October 21, 2013
Welcome! This blog is a key component of the StructuredStories project and is the heart of this website. I will use it to share successes, challenges and detours along the path towards narrative-based applications in digital media, as well as posting a few book reviews, technology assessments or commentaries from time to time. Connecting with others with similar interests is much of what makes these endeavors worthwhile, and so I hope that actively and transparently reporting on my progress will help to facilitate that.
I have been keenly interested in computational narrative for several years, and interested in the digitally-driven changes in journalism and media for much longer than that. I began to realize that these interests might overlap, and furthermore that several rapidly maturing technologies might make it possible to realize useful applications within that overlap. My work at Yahoo! took me deeply into digital media use cases and systems (especially automated content understanding and personalization), but I felt that narrative-based approaches to media were as yet too undefined to reasonably pursue within a corporate environment. I left Yahoo! in July 2013 and began to systematically assemble a research and prototyping program aimed at developing proof-of-concept digital media applications based on narratives. As I write this post I am now three months into this program, and my excitement about the possibilities from this approach is growing.
StructuredStories is a company but not yet a startup. This sounds confusing, but is just an expression of how I like to work on complex product design problems. I like to reduce large and gnarly problems to first principles, and then to build new approaches to those problems from the ground up – thinking through, writing down, drawing out, coding up and trying out thoughtful solutions. This approach requires lots and lots of time and intellectual freedom, and is somewhat cross-threaded with the rapid ‘code-test-learn-repeat’ approach to product development that is currently popular. While the risks of ending up in a product ‘dead-end’ are higher with this approach, it also offers the potential for finding the ‘global maximums’ of a product solution space, rather than just the ‘local maximums’ available from more evolutionary approaches. StructuredStories is therefore a vehicle for me to pursue a ‘global maximum’ in digital media products based on narratives, while working in the way that I like to work.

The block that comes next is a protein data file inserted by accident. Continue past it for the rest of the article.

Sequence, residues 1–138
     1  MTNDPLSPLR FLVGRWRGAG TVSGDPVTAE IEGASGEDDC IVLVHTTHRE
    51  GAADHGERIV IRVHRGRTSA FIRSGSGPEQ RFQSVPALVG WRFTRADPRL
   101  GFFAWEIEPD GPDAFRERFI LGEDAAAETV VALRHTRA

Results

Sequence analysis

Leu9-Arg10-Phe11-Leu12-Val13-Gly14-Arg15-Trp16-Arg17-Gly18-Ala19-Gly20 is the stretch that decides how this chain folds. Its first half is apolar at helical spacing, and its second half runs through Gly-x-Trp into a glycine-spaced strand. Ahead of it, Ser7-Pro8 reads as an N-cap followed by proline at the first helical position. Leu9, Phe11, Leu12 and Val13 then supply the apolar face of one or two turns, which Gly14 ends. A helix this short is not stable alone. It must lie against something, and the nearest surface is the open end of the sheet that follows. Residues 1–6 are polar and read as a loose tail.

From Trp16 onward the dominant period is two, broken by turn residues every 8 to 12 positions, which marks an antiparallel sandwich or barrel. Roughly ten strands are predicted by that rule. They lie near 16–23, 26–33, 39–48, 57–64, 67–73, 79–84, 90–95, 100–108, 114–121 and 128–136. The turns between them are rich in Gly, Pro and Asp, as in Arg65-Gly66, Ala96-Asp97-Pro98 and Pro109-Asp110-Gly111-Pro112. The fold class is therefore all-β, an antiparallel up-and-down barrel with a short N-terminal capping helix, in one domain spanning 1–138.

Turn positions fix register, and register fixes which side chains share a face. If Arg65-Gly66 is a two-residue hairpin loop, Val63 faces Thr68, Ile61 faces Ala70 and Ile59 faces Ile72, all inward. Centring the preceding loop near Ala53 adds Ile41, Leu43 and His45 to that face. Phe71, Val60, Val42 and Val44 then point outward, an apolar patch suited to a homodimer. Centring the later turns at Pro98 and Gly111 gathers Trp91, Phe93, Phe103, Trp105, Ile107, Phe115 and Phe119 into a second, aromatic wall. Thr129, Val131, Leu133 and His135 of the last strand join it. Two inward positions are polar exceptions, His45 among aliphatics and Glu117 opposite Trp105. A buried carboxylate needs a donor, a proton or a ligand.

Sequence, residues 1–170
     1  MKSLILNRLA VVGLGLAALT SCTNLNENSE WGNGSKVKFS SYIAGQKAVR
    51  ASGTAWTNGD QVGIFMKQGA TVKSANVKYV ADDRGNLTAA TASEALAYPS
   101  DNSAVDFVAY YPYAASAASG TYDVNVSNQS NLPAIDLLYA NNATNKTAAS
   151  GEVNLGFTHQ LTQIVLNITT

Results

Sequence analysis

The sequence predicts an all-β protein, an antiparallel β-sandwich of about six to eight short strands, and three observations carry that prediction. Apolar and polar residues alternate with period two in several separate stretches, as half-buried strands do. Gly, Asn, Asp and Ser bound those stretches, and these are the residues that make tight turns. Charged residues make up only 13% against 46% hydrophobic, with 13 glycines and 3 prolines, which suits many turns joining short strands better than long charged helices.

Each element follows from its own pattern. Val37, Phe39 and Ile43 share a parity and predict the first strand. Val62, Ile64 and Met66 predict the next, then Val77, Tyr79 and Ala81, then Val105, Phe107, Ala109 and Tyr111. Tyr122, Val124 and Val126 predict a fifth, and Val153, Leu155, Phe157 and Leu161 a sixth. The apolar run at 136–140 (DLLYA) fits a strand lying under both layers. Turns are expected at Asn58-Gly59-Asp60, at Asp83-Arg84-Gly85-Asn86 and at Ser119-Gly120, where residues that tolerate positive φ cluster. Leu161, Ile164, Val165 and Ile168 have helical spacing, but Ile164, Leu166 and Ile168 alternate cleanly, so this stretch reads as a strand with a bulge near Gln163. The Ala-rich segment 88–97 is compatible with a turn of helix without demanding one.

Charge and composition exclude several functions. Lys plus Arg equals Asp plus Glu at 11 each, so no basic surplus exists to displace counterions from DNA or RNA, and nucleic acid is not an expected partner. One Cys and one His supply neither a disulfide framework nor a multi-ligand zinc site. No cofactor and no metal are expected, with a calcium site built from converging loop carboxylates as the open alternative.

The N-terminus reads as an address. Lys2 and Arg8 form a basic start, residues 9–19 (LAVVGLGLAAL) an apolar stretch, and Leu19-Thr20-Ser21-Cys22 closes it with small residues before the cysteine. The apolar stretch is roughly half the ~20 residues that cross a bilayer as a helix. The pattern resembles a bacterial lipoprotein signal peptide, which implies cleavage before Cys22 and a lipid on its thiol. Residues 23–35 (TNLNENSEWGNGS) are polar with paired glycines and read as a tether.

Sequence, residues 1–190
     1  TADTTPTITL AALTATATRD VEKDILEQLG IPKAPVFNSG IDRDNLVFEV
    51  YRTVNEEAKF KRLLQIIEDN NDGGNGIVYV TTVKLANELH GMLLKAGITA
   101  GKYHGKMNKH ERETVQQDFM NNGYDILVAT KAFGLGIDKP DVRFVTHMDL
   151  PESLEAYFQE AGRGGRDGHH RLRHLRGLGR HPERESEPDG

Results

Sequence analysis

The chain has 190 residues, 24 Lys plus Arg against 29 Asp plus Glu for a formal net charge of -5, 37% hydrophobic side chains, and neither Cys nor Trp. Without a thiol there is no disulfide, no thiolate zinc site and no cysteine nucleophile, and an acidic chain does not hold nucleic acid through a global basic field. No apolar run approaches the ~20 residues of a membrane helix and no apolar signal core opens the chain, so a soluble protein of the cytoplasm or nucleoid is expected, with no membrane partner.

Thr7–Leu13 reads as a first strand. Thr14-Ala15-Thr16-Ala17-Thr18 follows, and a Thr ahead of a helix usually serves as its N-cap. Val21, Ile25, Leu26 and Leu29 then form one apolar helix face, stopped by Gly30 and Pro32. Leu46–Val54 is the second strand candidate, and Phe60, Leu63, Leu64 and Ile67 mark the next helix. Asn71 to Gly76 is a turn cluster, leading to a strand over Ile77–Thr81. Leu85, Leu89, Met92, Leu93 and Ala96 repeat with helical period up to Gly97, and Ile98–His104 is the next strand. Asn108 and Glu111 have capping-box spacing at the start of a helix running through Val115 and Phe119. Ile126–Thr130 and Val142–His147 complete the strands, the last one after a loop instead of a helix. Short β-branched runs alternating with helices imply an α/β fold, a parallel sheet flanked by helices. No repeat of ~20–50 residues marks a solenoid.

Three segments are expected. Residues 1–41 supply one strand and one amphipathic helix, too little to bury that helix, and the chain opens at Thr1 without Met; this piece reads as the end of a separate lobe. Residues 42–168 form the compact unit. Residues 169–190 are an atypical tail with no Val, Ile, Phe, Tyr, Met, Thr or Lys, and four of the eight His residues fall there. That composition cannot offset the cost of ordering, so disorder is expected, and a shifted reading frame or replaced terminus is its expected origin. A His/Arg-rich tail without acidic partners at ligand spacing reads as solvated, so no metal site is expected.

Its hard to imagine anything as simple to the human mind as a story, but applying analytical and computational narrative to digital media is nonetheless insanely complicated. A first challenge is just in thinking clearly about narrative – something that is simultaneously highly abstract but also as familiar as breathing. A second challenge is in integrating what I call the ‘large number of small literatures’ representing the contributions of about a dozen different research fields to the study of narratives in various guises - a challenge that has provided me with several years of enjoyable reading, dot-connecting and occasional but satisfying glimpses of recognition. A third challenge has been developing a working understanding of the foundational issues facing digital media from both the production and consumption sides – issues like the drivers towards media personalization, the changing role of editorial influence in media, the deep causes and effects of habit-driven media and the biases within the existing digital media establishment. A fourth challenge is, of course, understanding a range of new technologies, matching them to the pragmatic requirements of platforms and applications based on structured narratives and then building useful prototypes.
At this stage I make no guarantees about whether this approach to digital media is either technically feasible or commercially viable, however I strongly suspect that it is. Either way I intend to find out, and I invite anyone who is interested in the question to follow this blog and to get in touch.